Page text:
The World Health Organization (W.H.O.) announced on Wednesday, January 30, 2008, that a small but significant percentage of the cases of influenza in four European countries, Canada, and the U.S. this year have proven to be resistant to the anti-influenza drug Tamiflu.
Mutant Strain of Influenza Found: Tamiflu ineffective against this drug-resistant form of flu virus
Scientists have expressed surprise at finding a drug-resistant mutant strain of influenza because they had believed that mutations of this kind would actually be less potent and less likely to spread.
Tamiflu, also known as oseltamivir, is one of the antiviral drugs used to treat influenza. It must be started within the first 48 hours after symptoms first appear. It has been ineffective in the small number of cases in which the virus has mutated; otherwise if taken in time, Tamiflu continues to reduce the duration and severity of flu symptoms and helps to prevent complications such as pneumonia.
The standard tamiflu vaccine given this year, however is effective against this mutant strain according to epidemiologists at the Centers for Disease Control and Prevention (CDC) in Atlanta, GA. The predominant strain of influenza this year is influenza A(H1N1) and the mutant strain is known as influenza A(H1N1 H274Y). However in the U.S. Influenza B has also been found this year.
Mutant Strain of Influenza Found:
Norwegian epidemiologists first called attention to this problem last week. The Norwegian mutation rate (75%) was the highest among the European countries which have reported finding this mutation. The other countries reporting the mutant strain are Britain, France and Denmark. Overall, the European Centers for Disease Control and Prevention found a 13% mutation rate in the ten countries it monitors.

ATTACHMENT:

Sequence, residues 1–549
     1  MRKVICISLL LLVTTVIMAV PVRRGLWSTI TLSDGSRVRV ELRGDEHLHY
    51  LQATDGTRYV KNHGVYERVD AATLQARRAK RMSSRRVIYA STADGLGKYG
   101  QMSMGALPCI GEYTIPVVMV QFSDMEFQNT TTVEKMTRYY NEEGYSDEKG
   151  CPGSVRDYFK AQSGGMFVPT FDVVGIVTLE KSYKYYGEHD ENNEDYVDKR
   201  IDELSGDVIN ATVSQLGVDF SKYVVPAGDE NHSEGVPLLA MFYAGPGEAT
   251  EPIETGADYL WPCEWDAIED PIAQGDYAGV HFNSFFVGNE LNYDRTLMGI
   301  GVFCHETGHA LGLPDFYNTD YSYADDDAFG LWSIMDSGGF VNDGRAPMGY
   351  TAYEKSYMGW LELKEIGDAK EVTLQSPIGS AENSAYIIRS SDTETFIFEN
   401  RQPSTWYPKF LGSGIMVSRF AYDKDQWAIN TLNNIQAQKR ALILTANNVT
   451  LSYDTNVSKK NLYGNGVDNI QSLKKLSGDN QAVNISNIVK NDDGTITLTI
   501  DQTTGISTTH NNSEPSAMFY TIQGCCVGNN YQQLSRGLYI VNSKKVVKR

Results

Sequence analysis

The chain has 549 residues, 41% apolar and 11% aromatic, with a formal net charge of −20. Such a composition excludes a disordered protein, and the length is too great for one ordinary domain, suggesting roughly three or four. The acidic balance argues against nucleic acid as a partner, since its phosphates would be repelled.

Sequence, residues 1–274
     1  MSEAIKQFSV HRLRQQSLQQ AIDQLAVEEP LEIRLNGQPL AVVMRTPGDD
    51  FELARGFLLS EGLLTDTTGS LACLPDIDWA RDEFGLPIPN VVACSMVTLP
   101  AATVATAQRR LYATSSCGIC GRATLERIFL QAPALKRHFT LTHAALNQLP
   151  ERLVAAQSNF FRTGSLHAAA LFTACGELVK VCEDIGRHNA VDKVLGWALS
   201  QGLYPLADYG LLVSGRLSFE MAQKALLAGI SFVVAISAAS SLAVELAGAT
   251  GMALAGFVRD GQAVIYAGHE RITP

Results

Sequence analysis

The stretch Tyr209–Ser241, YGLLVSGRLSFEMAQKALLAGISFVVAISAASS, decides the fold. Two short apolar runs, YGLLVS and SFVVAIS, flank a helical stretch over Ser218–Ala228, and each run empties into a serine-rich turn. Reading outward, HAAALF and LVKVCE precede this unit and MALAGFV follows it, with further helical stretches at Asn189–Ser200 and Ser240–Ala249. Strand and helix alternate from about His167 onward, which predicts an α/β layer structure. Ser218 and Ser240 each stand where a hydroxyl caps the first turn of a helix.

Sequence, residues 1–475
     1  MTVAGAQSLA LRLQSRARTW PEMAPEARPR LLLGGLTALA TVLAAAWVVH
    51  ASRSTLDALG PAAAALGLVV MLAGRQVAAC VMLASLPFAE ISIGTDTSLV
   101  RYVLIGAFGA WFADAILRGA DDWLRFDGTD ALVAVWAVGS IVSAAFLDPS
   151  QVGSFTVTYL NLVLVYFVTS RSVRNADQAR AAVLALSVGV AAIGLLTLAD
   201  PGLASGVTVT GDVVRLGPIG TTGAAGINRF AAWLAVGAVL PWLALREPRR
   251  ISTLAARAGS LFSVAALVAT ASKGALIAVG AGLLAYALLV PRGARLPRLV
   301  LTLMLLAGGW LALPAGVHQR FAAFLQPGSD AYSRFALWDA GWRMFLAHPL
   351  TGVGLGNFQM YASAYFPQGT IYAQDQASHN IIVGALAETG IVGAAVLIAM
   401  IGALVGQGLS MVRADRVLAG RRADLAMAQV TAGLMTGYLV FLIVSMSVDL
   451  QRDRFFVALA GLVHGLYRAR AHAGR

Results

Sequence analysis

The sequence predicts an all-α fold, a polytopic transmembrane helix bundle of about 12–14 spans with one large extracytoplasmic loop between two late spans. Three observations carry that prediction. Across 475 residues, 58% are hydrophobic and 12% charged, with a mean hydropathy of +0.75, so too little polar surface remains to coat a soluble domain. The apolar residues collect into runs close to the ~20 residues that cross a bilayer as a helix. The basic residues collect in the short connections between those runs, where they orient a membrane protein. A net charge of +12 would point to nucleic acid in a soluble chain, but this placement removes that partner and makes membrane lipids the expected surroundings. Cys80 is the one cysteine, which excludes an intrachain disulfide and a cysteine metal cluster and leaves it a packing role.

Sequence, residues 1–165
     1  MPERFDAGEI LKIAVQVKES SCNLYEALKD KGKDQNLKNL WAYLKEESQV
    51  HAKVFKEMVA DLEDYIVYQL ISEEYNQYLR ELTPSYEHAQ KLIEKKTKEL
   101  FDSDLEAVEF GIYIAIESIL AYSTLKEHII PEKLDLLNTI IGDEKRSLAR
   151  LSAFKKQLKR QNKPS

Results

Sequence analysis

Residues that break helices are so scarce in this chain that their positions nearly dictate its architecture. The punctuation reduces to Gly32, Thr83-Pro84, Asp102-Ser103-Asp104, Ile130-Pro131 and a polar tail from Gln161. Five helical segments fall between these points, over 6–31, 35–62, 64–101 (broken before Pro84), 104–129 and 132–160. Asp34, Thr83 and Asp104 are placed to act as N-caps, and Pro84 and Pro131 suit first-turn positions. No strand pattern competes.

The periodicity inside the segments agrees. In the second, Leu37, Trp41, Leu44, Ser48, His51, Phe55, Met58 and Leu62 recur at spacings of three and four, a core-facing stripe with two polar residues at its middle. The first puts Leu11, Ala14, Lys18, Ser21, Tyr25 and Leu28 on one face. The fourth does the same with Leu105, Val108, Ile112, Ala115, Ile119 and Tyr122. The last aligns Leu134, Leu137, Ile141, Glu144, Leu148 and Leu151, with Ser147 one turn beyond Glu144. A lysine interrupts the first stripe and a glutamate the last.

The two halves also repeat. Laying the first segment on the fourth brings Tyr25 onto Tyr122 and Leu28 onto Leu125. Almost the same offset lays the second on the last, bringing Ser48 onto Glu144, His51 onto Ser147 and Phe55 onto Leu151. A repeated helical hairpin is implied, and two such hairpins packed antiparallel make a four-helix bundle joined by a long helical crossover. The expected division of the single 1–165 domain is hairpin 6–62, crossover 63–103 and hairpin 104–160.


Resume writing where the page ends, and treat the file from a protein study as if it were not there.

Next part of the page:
In the U.S. so far this year, the Tamiflu-resistant form of tamiflu has been found in 6.7% of the cases studied. All of them were of the influenza A(H1N1) variety. Exact figures for Canada were not available, but officials at W.H.O. have expressed concern for the global implications of this mutation.
According to W.H.O. officials, data has been collected and experts around the world have agreed to continue to study this problem and collect data. It is hoped that a larger number of patients can be studied to better determine the virulence of this strain. Experts also want to study the frequency of this mutation as well as patterns of transmission and distribution throughout the world. W.H.O. is a United Nations agency based in Geneva, Switzerland.
An overuse of Tamiflu is not suspected to be the cause of this mutation due to the fact that no cases of the mutant strain have been found in Japan where the drug is used widely. There are no plans at the present time to change the way Tamiflu is being used because the incidence of this mutation is still small.
Practicing good handwashing and avoiding crowds are among the most effective ways to avoid colds and flu.